Poor data credibility and corruption have historically been serious challenges for India’s environmental governance. Poor data quality, lack of transparency, non-uniform data reporting, lack of trust between regulator and industries have had a severe impact on suitable policy making and realization of useful environmental initiatives at ground level. Real-time monitoring initiative if implemented properly brings a solution. The last six years have shown good signs - the positive approach towards environmental monitoring has now become a serious function.
Where expanding industrial scale and mounting workloads on environmental regulators have made it tough to watch industries on a regular basis, real-time monitoring gives a helping hand. This system gives real-time remote access of industrial pollution reports and enables regulators to send automatic alarms and instructions to industries without additional manpower and travel requirements. It also helps industry make operations more optimised and efficient. At the same time, it has also been an important tool in taking precautionary and immediate corrective measures to stop unfortunate incidents.
Moreover, using these systems create a good amount of credible data which will assist in effective and practical policy decisions. Like in the USA, China and many other countries, real-time monitoring system can also lead towards a market-based emission control mechanism, popularly known as emission trading scheme. It would be ideal that this new technology guides India’s compliance check system towards “self- monitoring” regime in future.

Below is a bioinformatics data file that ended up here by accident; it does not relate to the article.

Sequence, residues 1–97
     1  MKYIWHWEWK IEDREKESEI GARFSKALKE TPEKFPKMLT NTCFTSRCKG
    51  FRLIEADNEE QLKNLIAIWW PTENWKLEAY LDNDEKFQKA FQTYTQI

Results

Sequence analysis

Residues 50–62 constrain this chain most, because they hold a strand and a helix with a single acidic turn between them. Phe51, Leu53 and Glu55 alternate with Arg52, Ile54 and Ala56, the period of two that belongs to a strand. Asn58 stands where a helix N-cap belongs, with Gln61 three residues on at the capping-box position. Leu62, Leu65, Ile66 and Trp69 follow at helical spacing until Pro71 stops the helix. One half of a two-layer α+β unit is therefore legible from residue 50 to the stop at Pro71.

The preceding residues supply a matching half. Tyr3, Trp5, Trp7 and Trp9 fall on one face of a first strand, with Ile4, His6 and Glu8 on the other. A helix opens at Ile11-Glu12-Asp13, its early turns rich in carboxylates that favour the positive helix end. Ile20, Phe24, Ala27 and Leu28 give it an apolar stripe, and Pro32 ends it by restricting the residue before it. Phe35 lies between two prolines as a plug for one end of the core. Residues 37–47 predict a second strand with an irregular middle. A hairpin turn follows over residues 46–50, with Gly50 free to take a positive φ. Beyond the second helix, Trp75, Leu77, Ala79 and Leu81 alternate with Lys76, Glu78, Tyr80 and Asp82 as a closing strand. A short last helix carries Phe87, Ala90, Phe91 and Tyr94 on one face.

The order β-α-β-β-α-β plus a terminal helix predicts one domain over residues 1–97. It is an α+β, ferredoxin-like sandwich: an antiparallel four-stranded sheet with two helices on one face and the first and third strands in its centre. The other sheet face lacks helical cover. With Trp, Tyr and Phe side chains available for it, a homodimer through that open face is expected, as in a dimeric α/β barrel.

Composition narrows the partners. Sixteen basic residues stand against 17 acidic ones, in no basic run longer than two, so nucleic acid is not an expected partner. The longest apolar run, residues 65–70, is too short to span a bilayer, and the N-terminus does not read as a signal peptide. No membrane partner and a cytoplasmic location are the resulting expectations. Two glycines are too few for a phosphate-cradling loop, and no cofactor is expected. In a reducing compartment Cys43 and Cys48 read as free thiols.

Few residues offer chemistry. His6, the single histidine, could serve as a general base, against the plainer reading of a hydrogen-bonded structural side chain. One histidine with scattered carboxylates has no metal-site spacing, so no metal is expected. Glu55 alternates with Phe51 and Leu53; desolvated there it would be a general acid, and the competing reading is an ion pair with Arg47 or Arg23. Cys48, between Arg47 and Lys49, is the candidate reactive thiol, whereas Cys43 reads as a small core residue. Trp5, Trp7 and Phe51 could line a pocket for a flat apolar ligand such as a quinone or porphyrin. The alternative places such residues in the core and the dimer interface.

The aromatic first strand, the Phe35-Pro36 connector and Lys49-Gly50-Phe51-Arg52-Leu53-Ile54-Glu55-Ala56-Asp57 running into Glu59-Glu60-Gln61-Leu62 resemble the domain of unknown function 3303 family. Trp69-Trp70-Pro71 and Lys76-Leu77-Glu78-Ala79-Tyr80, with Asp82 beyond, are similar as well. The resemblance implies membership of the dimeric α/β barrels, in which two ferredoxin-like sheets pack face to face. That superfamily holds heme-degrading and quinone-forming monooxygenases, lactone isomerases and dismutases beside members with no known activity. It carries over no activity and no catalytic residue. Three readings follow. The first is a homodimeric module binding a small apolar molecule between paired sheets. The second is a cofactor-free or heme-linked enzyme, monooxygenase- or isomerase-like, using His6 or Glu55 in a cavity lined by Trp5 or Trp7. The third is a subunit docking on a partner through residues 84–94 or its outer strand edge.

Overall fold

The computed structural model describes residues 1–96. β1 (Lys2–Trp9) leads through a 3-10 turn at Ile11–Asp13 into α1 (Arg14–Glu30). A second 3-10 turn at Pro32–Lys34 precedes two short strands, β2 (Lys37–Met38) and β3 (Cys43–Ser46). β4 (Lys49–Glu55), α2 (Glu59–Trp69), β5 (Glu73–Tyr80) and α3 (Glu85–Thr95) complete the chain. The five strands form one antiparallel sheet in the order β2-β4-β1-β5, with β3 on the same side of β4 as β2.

Real-time monitoring phase 2-crucial
On an average, online monitors have 7-8 years of life or lower without proper maintenance and the constant exposure to harsh environments. In India, monitors are usually exposed to high temperatures, dust, moisture, and corrosive pollutants. Adding to this, lack of skilled manpower and knowledge leads to inadequate maintenance. It has now been more than six years since industries first started the installation of online emission and effluent monitors, time of replacement is almost there. New industries now also need monitors for mandatory pollution monitoring requirements. This phase-2 demand will now add significantly to the existing market and will happen soon after the economic impact of COVID19 episode subsides. Considering existing infrastructure and accessories used in installation, existing long-term maintenance contract and manpower in place, INR 2000-3000 crore new investment is expected in phase-2. Its, therefore, important that mistakes made in phase-1 shall not be repeated and a blue-print for next phase shall be defined beforehand.
Clear blueprint and time-bound action plan needed